(5) James Joyce vs. (12) Bill Simmons

(5) James Joyce

Joyce's mastery of language and inventiveness with new literary forms made him possibly the most critically acclaimed and influential novelist of the 20th century. Ulysses, Finnegans Wake, Dubliners, and A Portrait of the Artist as a Young Man are all firmly entrenched in the modern canon, and although his wildly experimental tendencies make reading his work tedious, it's tough to deny that Joyce had a pretty firm grasp of human nature.

(12) Bill Simmons

Simmons, better known as ESPN's Sports Guy, changed the sports journalism game earlier this decade by foregoing all of the field's tired conventions and giving fans what they really wanted: something written from their point of view. By eschewing locker rooms and insider access, Simmons was able to inject a new sensibility into sports writing, one that used a relentlessly playful and sarcastic tone, myriad references to 80's movies, unapologetic Boston homer-ism, and Simmons' always-sharp sense of humor in lieu of banal postgame quotes from players. It worked. The Sports Guy's columns became required reading for sports fans, while everyone else's writing started to feel a little bland by comparison.

The Breakdown

Both writers have a tendency to write incredibly long works. Both writers' outputs show a willingness to break with convention and test the limits of what their form can do. Both writers loved to mock Isiah Thomas' decision making with the Knicks. (At least we think that's what Joyce was doing in the Penelope episode of Ulysses.) As of yet, Simmons hasn't written anything quite as long as Ulysses, but his long-awaited forthcoming NBA book may in fact be 783 pages long. This one's a tough call.


[See the whole bracket here.]

Tournament of Genius: The Winner Is...

Leo wins! According to mental_floss's learned readers, Leonardo da Vinci is history's greatest genius. While the Renaissance man may have easily bested Albert Einstein in the 65-person tournament's final round, his path to the title wasn't so easy. He had to survive a controversial first-round matchup against Burt Reynolds that went into a runoff due to allegations of voter fraud, and then he had to slip past Sigmund Freud, Galileo, Nikola Tesla, and Benjamin Franklin.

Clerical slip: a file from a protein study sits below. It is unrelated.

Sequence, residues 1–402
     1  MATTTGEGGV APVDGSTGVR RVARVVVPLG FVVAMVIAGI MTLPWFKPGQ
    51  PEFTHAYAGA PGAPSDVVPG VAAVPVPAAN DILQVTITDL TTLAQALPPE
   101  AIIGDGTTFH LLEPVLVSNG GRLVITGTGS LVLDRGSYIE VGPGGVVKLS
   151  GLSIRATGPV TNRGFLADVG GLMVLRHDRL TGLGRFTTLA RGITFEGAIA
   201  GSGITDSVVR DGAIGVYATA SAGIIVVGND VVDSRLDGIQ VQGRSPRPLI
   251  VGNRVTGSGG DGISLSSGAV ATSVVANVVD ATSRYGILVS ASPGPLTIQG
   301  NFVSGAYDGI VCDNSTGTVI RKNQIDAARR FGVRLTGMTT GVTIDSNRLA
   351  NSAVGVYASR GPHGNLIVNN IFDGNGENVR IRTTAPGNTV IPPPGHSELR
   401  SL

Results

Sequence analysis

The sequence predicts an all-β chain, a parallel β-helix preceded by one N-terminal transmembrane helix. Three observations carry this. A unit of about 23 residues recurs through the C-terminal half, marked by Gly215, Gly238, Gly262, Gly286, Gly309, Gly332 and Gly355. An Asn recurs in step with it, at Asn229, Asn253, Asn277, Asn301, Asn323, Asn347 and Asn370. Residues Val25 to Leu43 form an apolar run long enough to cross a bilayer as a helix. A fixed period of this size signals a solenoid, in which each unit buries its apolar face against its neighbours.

Through it all, though, the Italian polymath's supporters came out in droves, and it seems that no other genius could quite match Leonardo's combination of artistic mastery and scientific acumen. Congratulations, Leonardo! Consider this one more addition to your lengthy, impressive resume.

The Title Game: Einstein vs. Leonardo

The Breakdown

This matchup has seemed inevitable since we released the brackets, hasn't it? We've already filled you in on what each of these geniuses accomplished, but it's worth running through the list one more time before you decide who should take the title.

Einstein's output in 1905 alone was enough for an entire lifetime of work. In that "miracle year" he published four papers that altered humanity's understanding of physics. One explained the photoelectric effect, while another offered an explanation for Brownian motion and the first experimental proof of the existence of atoms. The third and fourth papers laid out his theories of special relativity and his famous "E equals MC squared" formula. Any one of these papers would have been an incredible Nobel-worthy triumph, and he banged out all four in a single year. When early Nazi propaganda targeted Einstein and the "Jewish physics" of relativity and forced other scientists to renounce relativity, he fled to the United States, where he eventually helped convince Franklin Roosevelt to develop the atomic bombs that would end World War II. Later in his life Israeli officials offered Einstein the presidency of their country, although he declined.

Leonardo, for his part, was just as busy. The Renaissance man felt that it was his duty to take in as much knowledge as he possibly could, so he threw himself into all sorts of studies. Works like his Last Supper and Mona Lisa show his artistic virtuosity, particularly his mastery of smoky shadows, but it's his scientific and engineering work that really sets Leonardo apart from the crowd. When he died, Leonardo left hundreds of pages of journals detailing his observations on all sorts of natural sciences, including botany, anatomy, and zoology. His architectural studies were far-reaching and diverse, and his engineering sketches proved to be well ahead of their time, particularly his designs for flying machines, tanks, parachutes, and an early forerunner to the machine gun. Leonardo may not really have only slept for 15 minutes at a time, but with accomplishments like this, it's easy to see how that urban legend could spread.

Which one are you going to pick as your top genius, though? Einstein, the scientific powerhouse who won the Nobel and has given us fodder for countless magazine covers? Or do you like Leonardo, the brilliant artist who managed to learn a little bit about almost everything else, too? They're both great, but there can be only one champion.


[See the whole bracket here.]


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